Re: Compress for OLTP

From: Jonathan Lewis <>
Date: Fri, 28 Dec 2012 13:36:22 -0000
Message-ID: <>

"Mladen Gogala" <> wrote in message
| On Fri, 28 Dec 2012 12:24:49 +0000, Jonathan Lewis wrote:
| > Coincidentally I'm writing a short series of articles on table
| > compression for Redgate, so I was tempted to point out on that thread
| > that the reported effects were exactly the sort of thing you'd expect
| > see.
| I am looking forward to reading the articles. Will you have them on your
| blog?
| >
| > Oracle doesn't do "compression" for OLTP or BASIC, by the way, it's
| > simply de-duplication with a block.
| De-duplication with a block or within the block? There is a different
| result with basic and OLTP compression, so there must be a difference.
| De-duplication would explain why did my table behave so poorly: I used
| DBMS_RANDOM to generate the value, which has made every value unique. I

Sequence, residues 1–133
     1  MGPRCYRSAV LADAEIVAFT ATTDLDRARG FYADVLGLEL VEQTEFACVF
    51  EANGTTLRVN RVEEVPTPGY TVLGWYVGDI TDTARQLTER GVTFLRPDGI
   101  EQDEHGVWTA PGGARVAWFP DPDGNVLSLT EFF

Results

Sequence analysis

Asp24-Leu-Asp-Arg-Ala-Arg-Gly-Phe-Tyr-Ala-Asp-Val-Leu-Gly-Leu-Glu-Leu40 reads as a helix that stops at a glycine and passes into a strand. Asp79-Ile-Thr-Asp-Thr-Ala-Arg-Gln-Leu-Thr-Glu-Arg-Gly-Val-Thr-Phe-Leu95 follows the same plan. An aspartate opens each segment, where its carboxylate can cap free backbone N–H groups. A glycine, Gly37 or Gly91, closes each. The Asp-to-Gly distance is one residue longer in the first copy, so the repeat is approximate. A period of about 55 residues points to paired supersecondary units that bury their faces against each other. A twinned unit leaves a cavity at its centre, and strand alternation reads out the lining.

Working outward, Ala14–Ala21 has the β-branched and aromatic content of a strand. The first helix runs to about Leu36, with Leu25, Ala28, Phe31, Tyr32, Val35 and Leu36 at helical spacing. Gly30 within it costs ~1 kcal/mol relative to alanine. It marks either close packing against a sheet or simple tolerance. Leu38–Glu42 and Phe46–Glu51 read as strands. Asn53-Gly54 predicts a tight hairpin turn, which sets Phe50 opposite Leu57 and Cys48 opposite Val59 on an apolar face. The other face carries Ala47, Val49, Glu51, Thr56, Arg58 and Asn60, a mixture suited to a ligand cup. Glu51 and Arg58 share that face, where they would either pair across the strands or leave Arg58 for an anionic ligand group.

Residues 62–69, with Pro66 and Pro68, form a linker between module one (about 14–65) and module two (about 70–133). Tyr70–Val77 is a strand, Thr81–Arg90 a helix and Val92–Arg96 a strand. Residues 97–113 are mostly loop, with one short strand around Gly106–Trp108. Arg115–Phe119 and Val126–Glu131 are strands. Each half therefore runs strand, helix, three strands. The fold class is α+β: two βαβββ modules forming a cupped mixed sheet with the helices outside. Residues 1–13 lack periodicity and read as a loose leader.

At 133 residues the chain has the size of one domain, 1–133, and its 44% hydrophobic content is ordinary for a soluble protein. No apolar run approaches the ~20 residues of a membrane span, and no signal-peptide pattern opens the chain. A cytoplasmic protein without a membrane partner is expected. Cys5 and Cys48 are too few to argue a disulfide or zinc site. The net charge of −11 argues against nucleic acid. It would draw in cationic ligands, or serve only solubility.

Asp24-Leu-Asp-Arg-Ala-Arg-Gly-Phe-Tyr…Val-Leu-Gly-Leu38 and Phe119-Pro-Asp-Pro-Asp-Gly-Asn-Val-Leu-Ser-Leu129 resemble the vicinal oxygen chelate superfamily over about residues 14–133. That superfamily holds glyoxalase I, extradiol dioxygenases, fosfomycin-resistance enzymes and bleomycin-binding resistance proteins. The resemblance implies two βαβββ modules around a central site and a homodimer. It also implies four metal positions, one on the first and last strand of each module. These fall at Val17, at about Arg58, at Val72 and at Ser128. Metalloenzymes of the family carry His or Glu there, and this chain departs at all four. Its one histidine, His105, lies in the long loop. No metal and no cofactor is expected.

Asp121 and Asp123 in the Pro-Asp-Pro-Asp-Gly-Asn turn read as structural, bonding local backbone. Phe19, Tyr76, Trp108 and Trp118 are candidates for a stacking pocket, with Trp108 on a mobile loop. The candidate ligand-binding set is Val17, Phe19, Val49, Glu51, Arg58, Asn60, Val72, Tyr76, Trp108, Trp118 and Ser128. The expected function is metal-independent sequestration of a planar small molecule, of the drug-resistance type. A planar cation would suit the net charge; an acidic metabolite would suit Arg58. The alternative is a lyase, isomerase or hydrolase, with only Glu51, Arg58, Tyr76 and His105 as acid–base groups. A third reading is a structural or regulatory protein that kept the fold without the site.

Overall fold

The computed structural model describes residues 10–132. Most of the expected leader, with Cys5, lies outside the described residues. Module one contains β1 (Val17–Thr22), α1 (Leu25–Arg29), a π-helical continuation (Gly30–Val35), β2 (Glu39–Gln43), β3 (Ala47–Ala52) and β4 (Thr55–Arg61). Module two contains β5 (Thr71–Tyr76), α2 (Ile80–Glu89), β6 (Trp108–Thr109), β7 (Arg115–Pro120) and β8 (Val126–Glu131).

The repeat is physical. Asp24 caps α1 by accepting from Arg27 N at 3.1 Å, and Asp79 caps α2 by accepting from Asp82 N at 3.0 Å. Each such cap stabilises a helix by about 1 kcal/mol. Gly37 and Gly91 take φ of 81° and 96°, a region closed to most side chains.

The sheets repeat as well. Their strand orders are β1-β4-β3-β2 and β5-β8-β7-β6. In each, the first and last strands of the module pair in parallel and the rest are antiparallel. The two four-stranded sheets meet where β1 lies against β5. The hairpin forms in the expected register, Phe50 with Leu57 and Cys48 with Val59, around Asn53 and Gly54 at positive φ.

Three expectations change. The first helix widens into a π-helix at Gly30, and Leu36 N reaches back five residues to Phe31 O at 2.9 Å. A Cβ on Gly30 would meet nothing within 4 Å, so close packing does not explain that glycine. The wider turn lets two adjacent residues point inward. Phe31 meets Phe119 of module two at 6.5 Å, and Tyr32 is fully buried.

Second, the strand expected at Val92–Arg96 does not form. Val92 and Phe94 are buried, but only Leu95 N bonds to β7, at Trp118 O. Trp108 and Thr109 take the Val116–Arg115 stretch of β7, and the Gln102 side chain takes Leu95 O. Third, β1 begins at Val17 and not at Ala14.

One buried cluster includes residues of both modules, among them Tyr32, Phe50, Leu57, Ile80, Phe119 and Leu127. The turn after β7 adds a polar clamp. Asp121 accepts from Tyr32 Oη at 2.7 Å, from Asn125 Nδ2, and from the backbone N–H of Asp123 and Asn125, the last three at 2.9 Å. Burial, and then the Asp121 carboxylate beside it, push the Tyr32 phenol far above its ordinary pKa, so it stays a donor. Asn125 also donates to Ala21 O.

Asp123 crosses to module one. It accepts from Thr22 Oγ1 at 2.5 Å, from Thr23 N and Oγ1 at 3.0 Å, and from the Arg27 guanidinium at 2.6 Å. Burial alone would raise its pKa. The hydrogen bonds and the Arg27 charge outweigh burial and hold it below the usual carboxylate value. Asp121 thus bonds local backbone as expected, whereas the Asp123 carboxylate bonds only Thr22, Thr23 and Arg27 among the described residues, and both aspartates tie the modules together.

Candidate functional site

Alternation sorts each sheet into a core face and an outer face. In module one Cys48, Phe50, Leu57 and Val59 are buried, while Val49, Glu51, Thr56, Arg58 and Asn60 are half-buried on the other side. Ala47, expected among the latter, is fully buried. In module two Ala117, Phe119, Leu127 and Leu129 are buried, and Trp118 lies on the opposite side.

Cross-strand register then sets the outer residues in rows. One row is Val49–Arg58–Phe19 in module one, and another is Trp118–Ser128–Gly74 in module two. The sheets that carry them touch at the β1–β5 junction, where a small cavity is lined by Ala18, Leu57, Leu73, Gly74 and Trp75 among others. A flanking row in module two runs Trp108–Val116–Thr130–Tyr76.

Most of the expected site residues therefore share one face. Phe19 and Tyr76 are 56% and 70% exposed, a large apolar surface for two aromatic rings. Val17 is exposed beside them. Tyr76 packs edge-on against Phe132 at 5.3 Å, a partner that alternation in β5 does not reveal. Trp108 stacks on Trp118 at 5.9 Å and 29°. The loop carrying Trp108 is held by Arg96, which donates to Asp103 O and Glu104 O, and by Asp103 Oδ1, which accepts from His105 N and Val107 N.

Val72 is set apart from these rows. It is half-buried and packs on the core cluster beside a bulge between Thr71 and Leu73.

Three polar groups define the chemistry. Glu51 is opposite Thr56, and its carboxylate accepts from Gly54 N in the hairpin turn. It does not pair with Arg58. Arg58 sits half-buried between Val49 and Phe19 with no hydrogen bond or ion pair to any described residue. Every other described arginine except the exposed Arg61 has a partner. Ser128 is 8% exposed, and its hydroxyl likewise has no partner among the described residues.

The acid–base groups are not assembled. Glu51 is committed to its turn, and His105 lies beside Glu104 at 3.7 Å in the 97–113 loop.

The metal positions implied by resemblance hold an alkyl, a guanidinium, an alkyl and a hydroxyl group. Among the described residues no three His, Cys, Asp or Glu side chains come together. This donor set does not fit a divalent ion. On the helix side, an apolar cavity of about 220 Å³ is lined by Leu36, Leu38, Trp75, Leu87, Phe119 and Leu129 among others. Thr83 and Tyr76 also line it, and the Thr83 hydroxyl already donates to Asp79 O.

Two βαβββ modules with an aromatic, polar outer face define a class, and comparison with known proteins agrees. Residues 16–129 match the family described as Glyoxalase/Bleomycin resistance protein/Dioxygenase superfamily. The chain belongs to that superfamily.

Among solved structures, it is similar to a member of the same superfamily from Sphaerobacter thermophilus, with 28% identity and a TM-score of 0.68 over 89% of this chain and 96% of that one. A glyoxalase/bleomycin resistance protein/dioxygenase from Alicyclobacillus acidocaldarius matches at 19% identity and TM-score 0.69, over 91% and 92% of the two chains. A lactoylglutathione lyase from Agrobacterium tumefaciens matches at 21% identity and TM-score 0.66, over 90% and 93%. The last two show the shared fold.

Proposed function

| will try with a copy of DBA_OBJECTS, loaded several times, that should
| produce some duplicates.

That should have been deduplication WITHIN each block.

Oracle simply collects a list of duplicated values (and the same value could be reaped from several columns) and builds a "table of duplicates/tokens" in the block, then replaces values in the base rows with "pointers" to the token table. Basic compression is effectively read-only and dependent on direct path loading - and sets pctfree to 0. OLTP simply allows DML to use up the free space in the block, and then (subject to some unfortunate limitations) rebuilds a block as a compressed block when it runs out of free space (which releases some space, so that more rows can be inserted/updated until the block is full again).

The articles will only be on the Redgate site, but I'll be linking to them.

In the meantime, Randolf Geist has a couple of very interesting items about OLTP compression (and its failings) on his blog - most significantly for the Oracle-L discussion, perhaps:


Jonathan Lewis

Author: Oracle Core (Apress 2011) Received on Fri Dec 28 2012 - 14:36:22 CET

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